2 Key Benefits of Giving Your Kids Chores
We’ve all said it.
We’ve all commented on the free labor having kids provides your household. And to some extent, it’s true. But by the time they are old enough to do things like mow the lawn and dust what we don’t talk about is all the time and energy we mamas have put in to cleaning up toys, doing laundry (I HATE folding tiny little pieces of clothing that seem to go on forever…and ever…and ever) and bathing our little labor force. Even as I type this I am surrounded by stuffed animals and books that I need to clean up. And there is a load of little girl laundry waiting to be folded. But what I found while researching this blog post surprised me.
See, there isn’t just a practical benefit to teaching your kids to navigate the world of chores, there are emotional and development benefits to it as well. Specifically, there are 2 key benefits of giving your kids chores. And the good news, you can start teaching your kids about chores as young as two!!
Benefit # 1
I can’t tell you how many friends I made my freshman year at college who had no idea how to do things like laundry or clean a bathroom. It was shocking because I had grown up in a home were contributing to the family through chores was a part of life. I had no idea it wasn’t always the norm in other households. I don’t think any of us want our kids to go away to school and suddenly realize they have no idea how to care for themselves.
For my husband and I, we’ve made it a priority that all our kids will know how to cook a couple of meals, do their own laundry and clean a bathroom before they leave the protection of our home. But there is an emotional benefit to this as well. When we teach our kids the importance of chores they feel a deeper connection to the home. When we give them age appropriate chores, we help set them up for success which gives them a sense of satisfaction when they are able to complete the task. Through chores, they learn the value of giving back (it feels good when mom and dad are grateful for their help) and it teaches them responsibility. These are the foundations for learning to care for themselves independently.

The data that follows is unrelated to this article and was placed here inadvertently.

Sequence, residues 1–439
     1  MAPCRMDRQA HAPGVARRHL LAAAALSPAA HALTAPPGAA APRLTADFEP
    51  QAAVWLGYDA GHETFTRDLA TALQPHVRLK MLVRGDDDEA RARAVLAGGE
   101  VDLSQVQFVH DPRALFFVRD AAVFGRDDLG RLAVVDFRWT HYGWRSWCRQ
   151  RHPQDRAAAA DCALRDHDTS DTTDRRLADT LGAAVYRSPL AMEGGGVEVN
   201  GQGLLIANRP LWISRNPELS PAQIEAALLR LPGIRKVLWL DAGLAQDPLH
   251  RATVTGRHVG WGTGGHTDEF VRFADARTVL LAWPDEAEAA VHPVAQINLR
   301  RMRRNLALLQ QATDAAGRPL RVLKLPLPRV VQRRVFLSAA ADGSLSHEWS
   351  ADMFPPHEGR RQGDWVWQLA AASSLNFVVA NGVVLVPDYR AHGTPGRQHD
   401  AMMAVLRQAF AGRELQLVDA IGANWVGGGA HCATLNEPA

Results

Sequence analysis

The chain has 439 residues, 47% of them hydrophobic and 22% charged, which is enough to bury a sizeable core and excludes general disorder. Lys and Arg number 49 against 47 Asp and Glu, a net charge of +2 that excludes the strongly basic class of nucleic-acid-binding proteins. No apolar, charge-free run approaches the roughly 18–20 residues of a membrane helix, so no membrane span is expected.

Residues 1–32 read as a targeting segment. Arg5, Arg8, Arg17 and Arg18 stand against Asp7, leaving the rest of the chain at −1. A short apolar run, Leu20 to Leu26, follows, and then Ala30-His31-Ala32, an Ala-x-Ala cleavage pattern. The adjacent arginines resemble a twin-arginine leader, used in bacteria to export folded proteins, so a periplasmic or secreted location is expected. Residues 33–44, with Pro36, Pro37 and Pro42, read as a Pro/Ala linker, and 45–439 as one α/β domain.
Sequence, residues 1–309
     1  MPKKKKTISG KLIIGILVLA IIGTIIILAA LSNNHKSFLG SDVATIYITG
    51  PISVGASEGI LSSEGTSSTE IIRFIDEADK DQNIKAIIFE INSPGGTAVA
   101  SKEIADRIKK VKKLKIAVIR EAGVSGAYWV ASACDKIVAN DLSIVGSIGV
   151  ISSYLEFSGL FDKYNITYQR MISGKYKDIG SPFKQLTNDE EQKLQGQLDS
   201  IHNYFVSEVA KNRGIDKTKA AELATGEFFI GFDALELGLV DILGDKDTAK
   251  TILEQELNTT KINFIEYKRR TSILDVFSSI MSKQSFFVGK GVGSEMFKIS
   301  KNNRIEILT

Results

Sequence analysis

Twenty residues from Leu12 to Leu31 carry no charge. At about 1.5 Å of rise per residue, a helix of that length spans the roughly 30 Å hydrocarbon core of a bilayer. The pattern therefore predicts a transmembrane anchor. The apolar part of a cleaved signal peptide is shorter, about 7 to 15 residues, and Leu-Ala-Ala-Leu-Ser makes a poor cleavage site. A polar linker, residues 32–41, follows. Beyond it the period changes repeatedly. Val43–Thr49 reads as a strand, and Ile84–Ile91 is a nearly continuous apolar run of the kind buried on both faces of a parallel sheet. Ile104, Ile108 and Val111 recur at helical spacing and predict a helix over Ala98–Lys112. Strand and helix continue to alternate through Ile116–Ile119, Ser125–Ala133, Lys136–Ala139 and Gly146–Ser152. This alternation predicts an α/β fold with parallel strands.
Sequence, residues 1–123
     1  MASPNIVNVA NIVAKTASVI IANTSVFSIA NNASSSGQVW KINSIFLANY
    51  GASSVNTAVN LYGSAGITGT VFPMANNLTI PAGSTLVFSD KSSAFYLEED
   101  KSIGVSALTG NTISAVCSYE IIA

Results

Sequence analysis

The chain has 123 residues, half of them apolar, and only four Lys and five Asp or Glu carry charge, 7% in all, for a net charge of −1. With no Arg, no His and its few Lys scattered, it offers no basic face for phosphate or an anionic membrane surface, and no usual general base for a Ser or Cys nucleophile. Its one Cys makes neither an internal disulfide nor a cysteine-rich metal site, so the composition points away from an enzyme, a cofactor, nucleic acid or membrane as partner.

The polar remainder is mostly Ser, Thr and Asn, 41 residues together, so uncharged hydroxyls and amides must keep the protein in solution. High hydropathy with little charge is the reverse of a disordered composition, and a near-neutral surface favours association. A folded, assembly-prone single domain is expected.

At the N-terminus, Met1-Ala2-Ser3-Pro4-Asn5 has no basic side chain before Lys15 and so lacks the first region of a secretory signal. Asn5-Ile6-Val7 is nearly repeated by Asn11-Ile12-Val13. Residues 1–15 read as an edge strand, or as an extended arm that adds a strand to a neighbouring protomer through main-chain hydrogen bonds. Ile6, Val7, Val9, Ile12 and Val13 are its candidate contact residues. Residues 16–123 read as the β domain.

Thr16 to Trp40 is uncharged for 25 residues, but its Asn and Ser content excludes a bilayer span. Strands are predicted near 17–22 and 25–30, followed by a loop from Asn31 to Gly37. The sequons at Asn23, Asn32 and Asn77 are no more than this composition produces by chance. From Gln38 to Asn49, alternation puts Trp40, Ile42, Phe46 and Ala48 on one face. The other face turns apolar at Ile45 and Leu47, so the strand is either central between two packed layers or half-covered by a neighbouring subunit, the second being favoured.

When we assign chores to our children, we are telling them what they do in the home and how they contribute, is valuable and appreciated. Kids wont always succeed in the areas we want them to. They’ll fail tests, miss the winning shot, crash our car. But we can teach them, through chores, that despite their mistakes and failures, what they do at home is still important. Chores at home build pillars of competency that our kiddos can fall back on. If we only focus on the schoolwork, the sportsmanship etc. we inadvertently teach them that is the only thing they do of value. When they fail in those areas, there isn’t any way to alleviate the frustration in failing by pointing out other areas (that ultimately I would argue are more important) they already succeed and feel good about.
Not Always an Easy Task
Chores are not easy. Assigning them and making sure they get done isn’t always easy. They aren’t going to go perfectly every time and (gasp) we wont always handle it perfectly. But the most important thing I’ve learned in being a parent so far is the importance of trying. I’m praying that even though I’ll get it wrong a time or two; my kids will look back and see the effort I put into helping them grow into well rounded adults. I’ve included a printable in today’s blog post. If you’re looking for a place to start hopefully it will help give you some ideas on assigning chores. The best thing to do is begin by thinking about what is important in your home, and go from there.
Do your kids already have chores? What kinds of ways do your kids help out around the house? As always, I’d love to hear from you!!